Stefanile’s debut novel traces a romance that transcends time, place, life and death.
World War II veteran “Jersey,” nicknamed in honor of his home state, returns to Greenville, N.J., a hero in the eyes of his neighbors, but he is haunted by the memory of a German soldier he shot in a church in Italy, and by the letter he failed to deliver to the soldier’s widow. Also troubled by a letter he never mailed to a woman that he loves, Jersey takes a job with the railroad, sorting through the company’s old records. One day he finds yet another letter, this one written by a mother on her deathbed and addressed to her Confederate soldier son Will Vollmer. Along with Jersey, the reader is transported to pre-Civil War Greenville, Ga., where a 5-year-old girl appears on the front porch of the Vollmer residence on New Year’s Day. The Vollmers raise young Mary as a daughter, but son Will and Mary’s feelings for one another are not those of a brother and sister. Will leaves a pregnant Mary behind when he goes to fight for the South, never dreaming that the combined forces of a fever and an awkward Union soldier would take his entire family from him in one day. Suffering from what we would now call post-traumatic stress disorder, Will heads north, meeting Mary, his father, mother and child in previous and future incarnations. Sometimes confusing, sometimes a bit odd and sometimes downright bizarre, Will’s odyssey is consistently heart-wrenching. He ends his journey as a railroad worker in Greenville, N.J., communicating telepathically with Mary, and periodically encountering his loved ones inhabiting different forms. A unique love story with a surprising happily ever after, the story would be strengthened by more development of Jersey’s story, which seems an afterthought. Far more evocative than the Civil War scenes, Jersey’s post-World War II New Jersey is a memorable setting.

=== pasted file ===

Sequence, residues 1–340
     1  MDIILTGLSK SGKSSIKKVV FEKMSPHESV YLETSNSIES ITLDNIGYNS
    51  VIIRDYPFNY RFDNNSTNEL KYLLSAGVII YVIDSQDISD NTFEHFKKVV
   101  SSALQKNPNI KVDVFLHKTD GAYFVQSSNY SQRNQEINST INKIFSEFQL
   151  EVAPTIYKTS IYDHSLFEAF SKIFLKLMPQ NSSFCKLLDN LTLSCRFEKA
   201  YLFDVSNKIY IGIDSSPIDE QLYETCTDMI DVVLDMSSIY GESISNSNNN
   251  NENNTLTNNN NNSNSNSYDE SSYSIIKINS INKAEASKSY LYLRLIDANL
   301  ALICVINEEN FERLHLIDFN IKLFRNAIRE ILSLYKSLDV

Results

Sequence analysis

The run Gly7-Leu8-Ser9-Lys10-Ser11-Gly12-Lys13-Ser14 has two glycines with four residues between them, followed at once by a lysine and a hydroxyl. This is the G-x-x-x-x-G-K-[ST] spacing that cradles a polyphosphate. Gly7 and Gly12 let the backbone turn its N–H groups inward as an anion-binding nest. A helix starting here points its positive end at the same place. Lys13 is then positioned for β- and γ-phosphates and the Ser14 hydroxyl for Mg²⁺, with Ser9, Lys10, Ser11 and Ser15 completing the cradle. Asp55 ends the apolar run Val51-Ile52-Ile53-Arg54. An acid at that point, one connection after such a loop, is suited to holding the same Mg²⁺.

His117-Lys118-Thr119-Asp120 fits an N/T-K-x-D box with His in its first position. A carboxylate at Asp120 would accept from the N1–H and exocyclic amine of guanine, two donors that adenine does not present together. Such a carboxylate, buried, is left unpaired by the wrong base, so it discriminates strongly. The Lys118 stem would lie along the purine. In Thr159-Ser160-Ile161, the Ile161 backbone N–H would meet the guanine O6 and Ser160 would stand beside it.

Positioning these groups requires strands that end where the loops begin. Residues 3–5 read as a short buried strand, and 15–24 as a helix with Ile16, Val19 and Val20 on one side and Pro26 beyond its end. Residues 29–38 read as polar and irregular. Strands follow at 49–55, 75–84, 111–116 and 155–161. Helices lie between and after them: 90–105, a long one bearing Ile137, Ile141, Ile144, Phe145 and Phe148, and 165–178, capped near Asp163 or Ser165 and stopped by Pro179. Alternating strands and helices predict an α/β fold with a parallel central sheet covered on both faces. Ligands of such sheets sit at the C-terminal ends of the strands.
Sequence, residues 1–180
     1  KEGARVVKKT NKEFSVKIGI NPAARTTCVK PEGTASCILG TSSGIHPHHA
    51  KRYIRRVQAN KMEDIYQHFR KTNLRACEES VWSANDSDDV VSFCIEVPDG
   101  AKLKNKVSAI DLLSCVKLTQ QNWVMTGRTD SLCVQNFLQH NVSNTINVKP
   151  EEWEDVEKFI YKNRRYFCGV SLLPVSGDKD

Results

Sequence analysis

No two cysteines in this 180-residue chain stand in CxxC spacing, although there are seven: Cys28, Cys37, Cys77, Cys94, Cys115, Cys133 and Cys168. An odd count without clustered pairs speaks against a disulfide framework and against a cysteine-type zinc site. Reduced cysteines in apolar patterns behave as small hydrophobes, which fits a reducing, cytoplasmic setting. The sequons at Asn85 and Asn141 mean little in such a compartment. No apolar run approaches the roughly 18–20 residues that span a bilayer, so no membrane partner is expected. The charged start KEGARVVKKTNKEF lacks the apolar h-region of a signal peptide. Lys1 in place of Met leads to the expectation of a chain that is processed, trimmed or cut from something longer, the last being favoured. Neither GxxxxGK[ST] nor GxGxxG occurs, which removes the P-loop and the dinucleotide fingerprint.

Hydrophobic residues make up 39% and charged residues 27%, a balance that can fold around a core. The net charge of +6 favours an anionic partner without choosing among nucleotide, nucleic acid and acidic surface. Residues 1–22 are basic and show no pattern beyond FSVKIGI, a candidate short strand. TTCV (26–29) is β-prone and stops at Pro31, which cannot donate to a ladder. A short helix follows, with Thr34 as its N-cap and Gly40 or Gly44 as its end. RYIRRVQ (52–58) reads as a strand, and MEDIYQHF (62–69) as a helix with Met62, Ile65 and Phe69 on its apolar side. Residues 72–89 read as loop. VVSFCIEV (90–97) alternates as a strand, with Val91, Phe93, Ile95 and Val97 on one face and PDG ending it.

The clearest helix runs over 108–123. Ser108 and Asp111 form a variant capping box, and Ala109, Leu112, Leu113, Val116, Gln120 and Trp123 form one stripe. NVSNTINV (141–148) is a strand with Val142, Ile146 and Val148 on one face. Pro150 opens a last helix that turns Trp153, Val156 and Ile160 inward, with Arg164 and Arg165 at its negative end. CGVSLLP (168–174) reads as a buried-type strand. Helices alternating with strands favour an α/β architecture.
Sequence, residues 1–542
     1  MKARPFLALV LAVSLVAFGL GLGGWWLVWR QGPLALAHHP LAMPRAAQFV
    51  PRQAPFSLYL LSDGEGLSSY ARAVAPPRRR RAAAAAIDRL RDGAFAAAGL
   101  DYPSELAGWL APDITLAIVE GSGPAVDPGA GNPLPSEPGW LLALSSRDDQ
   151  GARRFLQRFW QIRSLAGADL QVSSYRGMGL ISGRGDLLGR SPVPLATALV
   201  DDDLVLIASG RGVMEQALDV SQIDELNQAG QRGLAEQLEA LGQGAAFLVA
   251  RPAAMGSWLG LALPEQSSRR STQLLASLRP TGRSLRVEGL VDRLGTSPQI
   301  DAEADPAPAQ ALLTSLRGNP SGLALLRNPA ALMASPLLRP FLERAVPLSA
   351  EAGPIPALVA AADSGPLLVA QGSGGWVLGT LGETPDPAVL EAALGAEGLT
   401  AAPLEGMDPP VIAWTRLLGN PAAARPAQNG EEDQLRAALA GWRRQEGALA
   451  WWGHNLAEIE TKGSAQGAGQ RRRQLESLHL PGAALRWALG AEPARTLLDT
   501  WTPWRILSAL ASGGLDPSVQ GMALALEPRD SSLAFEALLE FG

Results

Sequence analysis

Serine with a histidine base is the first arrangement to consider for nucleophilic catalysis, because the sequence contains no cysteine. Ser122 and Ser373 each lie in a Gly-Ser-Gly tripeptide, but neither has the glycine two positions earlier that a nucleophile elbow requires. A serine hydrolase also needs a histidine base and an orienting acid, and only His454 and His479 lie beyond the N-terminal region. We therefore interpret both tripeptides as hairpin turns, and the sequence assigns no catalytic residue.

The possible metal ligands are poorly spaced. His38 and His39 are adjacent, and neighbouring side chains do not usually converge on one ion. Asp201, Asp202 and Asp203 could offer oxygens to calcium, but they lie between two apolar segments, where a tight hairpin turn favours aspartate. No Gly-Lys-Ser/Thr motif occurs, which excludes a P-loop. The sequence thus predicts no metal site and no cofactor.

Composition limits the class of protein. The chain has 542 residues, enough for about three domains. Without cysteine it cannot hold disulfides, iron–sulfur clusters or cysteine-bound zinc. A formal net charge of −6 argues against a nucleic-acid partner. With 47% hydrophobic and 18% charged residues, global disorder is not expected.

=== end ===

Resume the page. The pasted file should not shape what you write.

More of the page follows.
A unique, emotional read that falls just short of its promise.